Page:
Twenty-Eighth Week of Ordinary Time
For the Twenty-Eighth Sunday of Ordinary Time we have the powerful story about Jesus healing ten lepers and only one of them coming back to give thanks, and that one was the foreigner. It reminds us of the importance of gratitude.
Tuesday is the Memorial of Saint Teresa of Jesus (Teresa of Avila), Virgin and Doctor of the Church. Thursday is the Memorial of Saint Ignatius of Antioch, Bishop and Martyr; Friday the Feast of Saint Luke, Evangelist and Saturday we remember Jesuit saints Memorial of Saints John de Brébeuf and Isaac Jogues, Priests, and Companions, Martyrs.
We begin reading Paul's Letter to the Romans for our first reading this week. After a powerful introduction, Paul writes this community in Rome about God's righteousness (mercy or kindness) and justification (making us holy or one with God) which comes to us, not through the law but through faith in Jesus.
Each day we move through Luke's gospel as people gather around Jesus. He declines to give a sign other than the sign of Jonah. At a Pharisee's house Jesus calls for authenticity: “give alms and everything will be clean for you.” He challenges the religious practices of the Pharisees which miss the heart of fidelity to God and mercy toward others. Jesus tries to get them to see that, while they honor the prophets, they are no better than their ancestors who ignored and killed the prophets. Instead of hearing him, the religious leaders plot to trap Jesus. Warning his disciples about imitating religious hypocrisy, Jesus tells them not to be afraid, even of death, but to only fear losing their souls. Acknowledging Jesus is enough to save us. When we make our defense of our faith and way of life, the Holy Spirit will teach us what to say.
For the Twenty-Ninth Sunday of Ordinary Time, through the parable of the persistent widow wearing down the unjust judge, Jesus urges us to have faith. “Will not God then secure the rights of his chosen ones who call out to him day and night? Will he be slow to answer them?”
Daily Prayer This Week
All week long, the readings offer us so much about authenticity. Jesus invites us to simplicity. He wants to take us beyond obedience to the law or acts of piety. These are not bad in themselves, but they can hold a particular vulnerability to in-authenticity or hypocrisy, unless they are rooted in deep reliance upon God and faith in Jesus as our Savior. Mere cleanliness on the outside or placing burdens on people’s shoulders leaves us still far away from an experience of God's love that overflows into love and mercy for others.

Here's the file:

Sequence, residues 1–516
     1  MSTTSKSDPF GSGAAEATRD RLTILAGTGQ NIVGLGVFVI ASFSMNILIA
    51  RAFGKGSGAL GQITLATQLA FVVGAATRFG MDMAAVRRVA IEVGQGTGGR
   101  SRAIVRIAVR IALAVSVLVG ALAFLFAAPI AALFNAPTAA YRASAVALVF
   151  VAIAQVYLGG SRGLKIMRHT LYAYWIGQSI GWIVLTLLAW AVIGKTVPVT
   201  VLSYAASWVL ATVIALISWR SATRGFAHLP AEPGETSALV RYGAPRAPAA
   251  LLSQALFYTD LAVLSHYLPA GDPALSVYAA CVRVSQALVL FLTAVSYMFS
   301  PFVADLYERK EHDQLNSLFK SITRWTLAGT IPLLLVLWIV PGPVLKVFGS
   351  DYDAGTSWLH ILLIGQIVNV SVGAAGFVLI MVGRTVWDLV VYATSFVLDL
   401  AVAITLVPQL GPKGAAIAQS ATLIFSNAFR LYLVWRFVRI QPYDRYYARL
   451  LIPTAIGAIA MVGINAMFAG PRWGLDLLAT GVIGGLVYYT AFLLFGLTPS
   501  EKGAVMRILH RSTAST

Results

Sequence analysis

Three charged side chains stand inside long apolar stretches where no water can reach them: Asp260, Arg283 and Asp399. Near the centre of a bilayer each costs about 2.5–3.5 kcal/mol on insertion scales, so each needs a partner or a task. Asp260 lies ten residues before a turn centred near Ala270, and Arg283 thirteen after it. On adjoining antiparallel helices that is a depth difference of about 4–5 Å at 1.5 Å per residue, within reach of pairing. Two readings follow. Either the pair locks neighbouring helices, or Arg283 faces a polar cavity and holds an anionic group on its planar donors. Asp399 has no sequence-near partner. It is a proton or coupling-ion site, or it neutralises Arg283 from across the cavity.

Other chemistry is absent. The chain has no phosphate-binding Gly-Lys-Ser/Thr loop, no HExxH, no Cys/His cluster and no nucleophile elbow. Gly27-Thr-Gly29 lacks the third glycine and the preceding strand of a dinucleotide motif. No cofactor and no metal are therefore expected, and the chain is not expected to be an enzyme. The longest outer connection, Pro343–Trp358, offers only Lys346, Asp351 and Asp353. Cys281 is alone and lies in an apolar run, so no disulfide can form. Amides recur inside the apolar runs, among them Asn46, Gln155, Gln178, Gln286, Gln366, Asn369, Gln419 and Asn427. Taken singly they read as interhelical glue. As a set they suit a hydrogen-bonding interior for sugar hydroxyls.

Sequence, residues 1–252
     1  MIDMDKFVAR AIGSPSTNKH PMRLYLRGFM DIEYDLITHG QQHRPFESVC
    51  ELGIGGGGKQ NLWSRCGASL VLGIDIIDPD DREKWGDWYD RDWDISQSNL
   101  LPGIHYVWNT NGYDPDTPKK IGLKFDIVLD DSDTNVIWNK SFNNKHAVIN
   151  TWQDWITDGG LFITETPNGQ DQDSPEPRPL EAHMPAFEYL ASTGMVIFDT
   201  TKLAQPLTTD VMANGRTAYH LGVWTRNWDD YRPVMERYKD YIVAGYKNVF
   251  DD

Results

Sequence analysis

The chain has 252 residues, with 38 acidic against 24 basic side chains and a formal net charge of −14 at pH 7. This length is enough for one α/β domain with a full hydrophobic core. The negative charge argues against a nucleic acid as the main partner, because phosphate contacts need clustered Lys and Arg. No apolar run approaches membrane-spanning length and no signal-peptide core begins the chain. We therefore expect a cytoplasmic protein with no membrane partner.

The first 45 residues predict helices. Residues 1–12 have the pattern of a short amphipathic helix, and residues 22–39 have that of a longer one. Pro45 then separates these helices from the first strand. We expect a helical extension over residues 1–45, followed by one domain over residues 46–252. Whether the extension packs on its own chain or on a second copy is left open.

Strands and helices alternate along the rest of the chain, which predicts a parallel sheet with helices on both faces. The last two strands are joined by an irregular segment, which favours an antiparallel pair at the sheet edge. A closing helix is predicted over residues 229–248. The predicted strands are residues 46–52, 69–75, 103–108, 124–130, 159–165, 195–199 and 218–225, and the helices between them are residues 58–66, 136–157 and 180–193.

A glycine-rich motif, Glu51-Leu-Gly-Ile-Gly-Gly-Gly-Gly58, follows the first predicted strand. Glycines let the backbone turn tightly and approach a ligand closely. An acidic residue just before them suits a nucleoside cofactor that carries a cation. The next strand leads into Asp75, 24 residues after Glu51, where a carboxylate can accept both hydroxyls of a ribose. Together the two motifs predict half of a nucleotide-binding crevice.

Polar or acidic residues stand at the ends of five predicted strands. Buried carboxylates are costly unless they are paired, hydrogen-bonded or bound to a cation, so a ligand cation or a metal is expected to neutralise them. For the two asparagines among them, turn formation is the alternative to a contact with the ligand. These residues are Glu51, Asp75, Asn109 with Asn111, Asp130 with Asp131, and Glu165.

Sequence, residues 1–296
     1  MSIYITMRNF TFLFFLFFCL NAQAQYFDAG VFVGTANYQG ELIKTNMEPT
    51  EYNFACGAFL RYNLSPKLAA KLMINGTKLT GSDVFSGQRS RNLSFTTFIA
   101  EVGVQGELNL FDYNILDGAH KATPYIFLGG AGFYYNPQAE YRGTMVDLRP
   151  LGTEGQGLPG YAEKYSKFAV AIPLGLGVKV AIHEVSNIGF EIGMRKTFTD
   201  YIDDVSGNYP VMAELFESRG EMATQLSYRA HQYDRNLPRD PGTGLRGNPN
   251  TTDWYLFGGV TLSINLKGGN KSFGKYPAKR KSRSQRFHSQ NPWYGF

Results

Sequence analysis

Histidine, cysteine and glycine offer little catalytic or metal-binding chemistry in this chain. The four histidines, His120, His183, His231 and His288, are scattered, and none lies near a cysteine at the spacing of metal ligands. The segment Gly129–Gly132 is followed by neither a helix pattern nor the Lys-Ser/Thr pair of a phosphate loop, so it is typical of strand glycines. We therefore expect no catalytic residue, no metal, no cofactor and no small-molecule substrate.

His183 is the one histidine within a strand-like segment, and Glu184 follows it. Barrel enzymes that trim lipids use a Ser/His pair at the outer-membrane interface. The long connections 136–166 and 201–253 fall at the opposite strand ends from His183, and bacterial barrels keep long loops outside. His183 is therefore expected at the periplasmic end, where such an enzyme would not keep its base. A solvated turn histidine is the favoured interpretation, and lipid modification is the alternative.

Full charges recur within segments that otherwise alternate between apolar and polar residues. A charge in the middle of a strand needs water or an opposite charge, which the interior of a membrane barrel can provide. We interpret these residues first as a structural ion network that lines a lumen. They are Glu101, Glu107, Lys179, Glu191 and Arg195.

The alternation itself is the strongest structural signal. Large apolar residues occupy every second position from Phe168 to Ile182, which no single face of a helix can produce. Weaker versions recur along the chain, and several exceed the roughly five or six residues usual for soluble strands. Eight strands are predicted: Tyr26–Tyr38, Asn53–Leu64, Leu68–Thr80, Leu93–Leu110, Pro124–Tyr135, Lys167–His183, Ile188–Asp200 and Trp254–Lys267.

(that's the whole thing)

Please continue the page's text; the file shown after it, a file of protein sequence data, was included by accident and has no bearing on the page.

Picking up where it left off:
This week, let's wake up each day and ask God for the grace to be more authentic. While putting on our slippers, standing next to the bed for just 30 seconds, let's give this special focus to our day. While washing up or getting dressed, on the way to work, while doing laundry or walking down the hall to a meeting, saying a brief grace before even a quick meal, we can remind ourselves of this desire in our hearts. Choosing humility is simply choosing honesty in very small ways. Throughout our days, each of us can find words to express to God our desire to be more honest and transparent with ourselves and with others. “Lord, let me be just who I am today. I know that in your eyes I'm a loved sinner. In grateful humility, don't let me be harsh or judgmental with my family, with friends or co-workers. Let me give up bragging, shading the truth, any kind of falsehood. I want to abstain today from even thoughts that take me down a road of cheating on my relationships, my commitments and my relationship with you.”
This is all about focus and choosing to place our attention on our relationship with Jesus in the most ordinary moments of our day. As we end each day, we can give thanks that our desire was given to us - that whenever we open our hearts, our God is always there, ready to bless our desires.
Thought of the Day
Faith and fear both demand you believe in something you can not see. You choose
On The Lighter Side
That the Michigan Grand Commandery Engagement/Public Relations Committee
has recently put together.
“ In Thy strength, O’ Lord
the just man shall exult,
and in Thy salvation he shall
Thou hast given him his heart’s desire.
We beseech Thee, O’ Lord,
that every thought, word and action
which we offer in the memory
of the sufferings of Thy Holy Martyr,
Saint John the Baptist,
may by his intercession profit us
unto salvation through our Lord,
Jesus Christ, Thy Son
who liveth and reigneth with Thee
in unity of the Holly Spirt,
GoD, world without end.”
INDULGENCE PRAYERS FOR THE
KNIGHTS OF St. JOHN
Every time you don your uniform
And say the prayer:
“May the Lord clothe me a new man,
who is created in justice and truth”
Every time that for any function whatever,
you put on your chapeau and recite the prayer
“Place, O Lord on my head
the helmet of Salvation,
that I my overcome the assaults of Satan.”
These indulgences to be gained
at lest with a contrite heart-
Pius XI Nov.13,1923